Herbal supplements may give your horse’s health a boost.
With the rise in herbal products in the diet and nutritional market for people, it’s understandable why owners are interested in giving the same type of products to their horses. Supplements containing Echinacea and ginger, to name a few, have been shown to reduce inflammation and improve overall health; however, most herbs have had little to no scientific testing on humans or animals. Without hard data, it is difficult to determine whether these products are safe or potentially harmful.
Carey Williams, PhD, is an animal nutritionist at Rutgers University in New Brunswick, New Jersey. She says before giving any supplement horse owners should look at their current feeding program. She points out that a horse with a balanced diet—good-quality roughage, a sweet feed or grain of some sort, and plenty of water—may still need supplementation.
“There still might be a nutrient lacking,” Williams says. “They might be in a perfect environment, but if they’re missing just one or two things, then you need to address that through their diet.”
She says that herbal medicine, also called phytomedicine, is the use of plants or parts of the plant for therapeutic purposes, like fighting infection or disease and improving overall health.
Williams goes over several ingredients in her paper, “Some commonly fed herbs and other functional foods in equine nutrition: A review,” published in The Veterinary Journal. It says that Devil’s Claw can reduce inflammation associated with osteoarthritis; so can ginseng, flaxseed, ginger, Echinacea, and yucca, which also have antioxidant properties. Yucca also contains a steroid-like effect and reduces muscle spasms. Garlic has been touted for it’s antimicrobial and anti-parasitic effects.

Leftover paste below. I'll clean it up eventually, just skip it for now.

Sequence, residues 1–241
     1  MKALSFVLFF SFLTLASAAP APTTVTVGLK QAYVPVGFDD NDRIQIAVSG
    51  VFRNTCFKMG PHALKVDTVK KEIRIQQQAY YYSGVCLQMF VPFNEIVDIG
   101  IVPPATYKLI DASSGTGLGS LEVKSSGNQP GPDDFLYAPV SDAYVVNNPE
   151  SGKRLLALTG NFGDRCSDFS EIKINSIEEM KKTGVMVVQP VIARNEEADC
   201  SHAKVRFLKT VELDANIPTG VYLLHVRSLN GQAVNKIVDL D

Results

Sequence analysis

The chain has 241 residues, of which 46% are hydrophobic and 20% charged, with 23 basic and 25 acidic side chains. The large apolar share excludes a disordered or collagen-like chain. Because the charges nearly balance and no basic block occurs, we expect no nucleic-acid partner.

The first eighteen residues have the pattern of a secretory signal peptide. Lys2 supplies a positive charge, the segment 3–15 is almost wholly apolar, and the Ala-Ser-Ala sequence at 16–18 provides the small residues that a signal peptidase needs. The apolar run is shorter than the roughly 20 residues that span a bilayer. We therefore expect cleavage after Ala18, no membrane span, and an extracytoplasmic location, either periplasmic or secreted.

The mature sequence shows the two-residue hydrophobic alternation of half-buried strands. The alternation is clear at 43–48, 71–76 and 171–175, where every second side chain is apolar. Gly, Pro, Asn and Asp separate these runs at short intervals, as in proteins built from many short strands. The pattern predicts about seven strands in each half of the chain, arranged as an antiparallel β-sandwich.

That being said, Williams says some herbs can cause adverse reactions, such as gastric ulcers or colic, and can cause a horse to test positive for a banned substance if the horse is subject to drug testing at a competition.
Williams says to avoid any problems, owners should consult with a veterinarian or equine nutritionist. They will help weigh the pros and cons of each product, including the cost to feed. They can also answer questions on which additive would best suit a particular horse based on its age, breed, sex, purpose, general health, reproductive status, current diet and medications.
Read more about equine supplements in the April 2018 issue of Western Horseman.